Geospatial Industry empowers governments and private sectors worldwide. From reducing the cost of logistics, providing better decision-making tools for urban governance, and making last-mile deliveries more efficient for eCommerce, to building better monitoring tools for infrastructure projects, the Geospatial industry impacts a significant part of GDP.
The government has depended on its engagement with GIS (Geographic Information System) through various initiatives and projects in the last few years. As a result, the New National Geospatial Policy revealed by the government and notified by the Department of Science and Technology in 2022, set 13 milestones for the country to achieve higher new heights for the geospatial industry involving private enterprises, that include creating a high-accuracy digital elevation model for the entire country by 2030 and digital twins of significant cities and towns by 2035.
Details of the Geospatial industry
India’s geospatial market, including domestic and exports, is estimated to be worth approximately Rs 27,650 crore in 2025, rising from Rs 22,940 crore in 2019, the Geospatial-Artha Report said. By 2030, the industry is predicted to grow to Rs 63,000 crore.
According to industry estimates, the geospatial sector contributes about INR 20,000 crore to the Indian economy.
The policy strengthens the Indian Geospatial industry to support the information economy by laying down a framework for developing a robust geospatial ecosystem is a landmark reform that will directly translate into the growth and expansion of the geospatial sector. The new Policy liberalizes the geospatial industry and democratization of data and encourages private-public partnerships.
We believe that the government could provide greater budgetary support to enhance the use of geospatial tech in urban governance. Urban governance can be more efficient, faster, and better using emerging GIS technologies such as accurate 3D digital twins. Its application in urban governance models could not only help with disaster management and response to calamities such as fire, floods, etc., but also promote future infrastructure planning with greater accuracy, utility, and maintenance.
The mission of Digital India which has been kickstarted with telecom infrastructure will require nuanced geospatial information for initiatives like the 5G network rollout for network planning, identification, and inspection of read distress and green coverage assessment.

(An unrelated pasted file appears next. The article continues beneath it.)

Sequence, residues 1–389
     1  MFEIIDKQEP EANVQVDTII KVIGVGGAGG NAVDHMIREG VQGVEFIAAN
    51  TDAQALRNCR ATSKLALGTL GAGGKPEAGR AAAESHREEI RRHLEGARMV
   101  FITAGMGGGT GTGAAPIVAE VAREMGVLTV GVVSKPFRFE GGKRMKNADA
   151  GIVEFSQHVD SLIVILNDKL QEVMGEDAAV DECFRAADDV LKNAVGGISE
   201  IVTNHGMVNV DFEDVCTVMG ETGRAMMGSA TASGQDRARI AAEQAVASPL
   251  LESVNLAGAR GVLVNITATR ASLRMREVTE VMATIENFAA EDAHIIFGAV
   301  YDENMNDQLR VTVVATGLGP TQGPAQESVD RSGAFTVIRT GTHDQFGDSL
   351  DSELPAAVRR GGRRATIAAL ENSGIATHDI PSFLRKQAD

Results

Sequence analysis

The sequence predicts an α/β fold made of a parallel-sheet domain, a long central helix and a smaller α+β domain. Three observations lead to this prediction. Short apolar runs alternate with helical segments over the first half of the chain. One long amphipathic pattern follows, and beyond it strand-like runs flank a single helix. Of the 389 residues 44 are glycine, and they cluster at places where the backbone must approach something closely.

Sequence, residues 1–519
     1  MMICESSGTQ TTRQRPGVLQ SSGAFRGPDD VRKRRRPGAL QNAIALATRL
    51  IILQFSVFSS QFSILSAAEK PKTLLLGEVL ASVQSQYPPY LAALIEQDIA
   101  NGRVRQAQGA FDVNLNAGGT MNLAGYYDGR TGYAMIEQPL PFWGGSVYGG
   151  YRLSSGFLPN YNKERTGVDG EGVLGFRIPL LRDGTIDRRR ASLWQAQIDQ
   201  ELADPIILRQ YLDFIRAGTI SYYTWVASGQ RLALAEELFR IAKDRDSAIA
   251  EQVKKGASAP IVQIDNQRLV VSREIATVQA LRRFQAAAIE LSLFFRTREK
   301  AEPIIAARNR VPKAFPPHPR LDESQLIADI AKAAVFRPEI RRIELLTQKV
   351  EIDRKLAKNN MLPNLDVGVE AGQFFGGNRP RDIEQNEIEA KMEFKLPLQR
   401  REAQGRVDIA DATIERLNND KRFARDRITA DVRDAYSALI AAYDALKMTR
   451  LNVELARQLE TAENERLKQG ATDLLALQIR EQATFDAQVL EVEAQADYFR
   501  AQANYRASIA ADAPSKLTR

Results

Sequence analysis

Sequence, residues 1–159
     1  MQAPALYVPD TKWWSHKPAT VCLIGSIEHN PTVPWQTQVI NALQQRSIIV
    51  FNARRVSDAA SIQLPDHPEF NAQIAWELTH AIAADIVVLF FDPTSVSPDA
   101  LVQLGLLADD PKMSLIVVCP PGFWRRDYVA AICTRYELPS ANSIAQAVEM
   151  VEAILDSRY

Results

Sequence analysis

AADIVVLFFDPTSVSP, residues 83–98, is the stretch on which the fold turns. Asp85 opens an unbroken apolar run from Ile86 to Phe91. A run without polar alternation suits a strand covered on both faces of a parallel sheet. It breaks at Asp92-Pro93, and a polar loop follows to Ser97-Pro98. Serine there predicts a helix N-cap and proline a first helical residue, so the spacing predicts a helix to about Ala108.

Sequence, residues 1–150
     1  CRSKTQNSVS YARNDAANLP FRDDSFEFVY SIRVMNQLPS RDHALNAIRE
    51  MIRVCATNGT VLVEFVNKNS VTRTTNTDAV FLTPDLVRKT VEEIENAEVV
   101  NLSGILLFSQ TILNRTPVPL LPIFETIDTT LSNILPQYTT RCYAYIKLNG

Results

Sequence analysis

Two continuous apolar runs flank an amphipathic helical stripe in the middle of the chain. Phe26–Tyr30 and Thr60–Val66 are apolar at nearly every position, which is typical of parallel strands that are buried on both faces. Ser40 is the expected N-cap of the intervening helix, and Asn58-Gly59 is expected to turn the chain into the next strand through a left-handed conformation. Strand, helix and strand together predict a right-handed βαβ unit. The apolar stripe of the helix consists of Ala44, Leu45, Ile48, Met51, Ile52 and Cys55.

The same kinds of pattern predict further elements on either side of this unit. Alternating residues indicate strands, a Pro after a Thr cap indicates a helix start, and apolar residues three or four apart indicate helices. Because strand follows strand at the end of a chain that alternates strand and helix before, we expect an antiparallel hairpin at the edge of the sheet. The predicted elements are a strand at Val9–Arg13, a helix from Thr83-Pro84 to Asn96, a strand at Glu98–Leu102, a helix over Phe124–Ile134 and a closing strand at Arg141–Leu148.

Geospatial Industry expects the government to allocate funds to use geospatial technologies in nationwide digital twins programs like Gati Shakti, Smart City Mission, Amrut mission, MoHUA (Ministry of Housing and Urban Affairs), and others. Development incentives like grants to market players to start national initiatives could be a significant leap to achieving stated targets.
The government should have a dedicated mission to create a Nationwide digital Twin like they had one for 100 Smart City mission; by allocating additional funds the ministry could empower the state government and city municipal corporation to create and use Geospatial data and technologies which can help in more efficient execution of these programs. Creating geospatial data and using technology in day-to-day infrastructure and planning work can create millions of jobs. For instance, A simple project of property tagging work in tier 1 and tier 2 cities can develop hundreds of surveyor jobs for locals.
Nationwide Digital Twin would be an ecosystem of connected Digital Twins of cities and states, empowered by protected data sharing, to help in better planning and decision-making. Digital twins will allow urban planners to shape upcoming cities with the resilience of future urban populations.
Digital twin technology is already being adopted by forward-thinking cities to promote sustainability. As per Government Technology, a division of e.Republic LLC study, Chattanooga, a city in Tennessee, is leveraging digital twins to reduce traffic congestion by up to 30 percent by modeling traffic congestion relief strategies. Singapore is leveraging digital twins to improve its clean energy production by showing the best location for solar panels based on light and temperature variations.
A public university in Singapore is also utilising digital twins to optimize its operations and reduce energy consumption by 31% and carbon emissions by 9.6 kilotons. The government of India can leverage the 3D digital Twin technology in order to have a nationwide Digital Twin.
The Budget 2023-24 should be encouraging technology and supporting the nationwide digital twin program by providing additional funding to the states and municipal bodies of India.
Another focus should be to encourage companies in the geospatial industry that are hoping to make a difference and add value to the Indian ecosystem.
Increase in government spending
In order to achieve the national goal of creating a Digital Twin, the Budget 2023-24 should provide additional funding to support companies in the geospatial industry. This will aid in the areas of urban governance, disaster management, infrastructure planning, and more. With the government being the single biggest customer, it is essential that budgetary support is provided to increase government spending on geospatial technologies in the relevant areas as per the National Geospatial Policy.
The writer is the Chairman and Managing Director of Genesys International Corporation. He tweets @Genesys_Int. Views expressed are personal.
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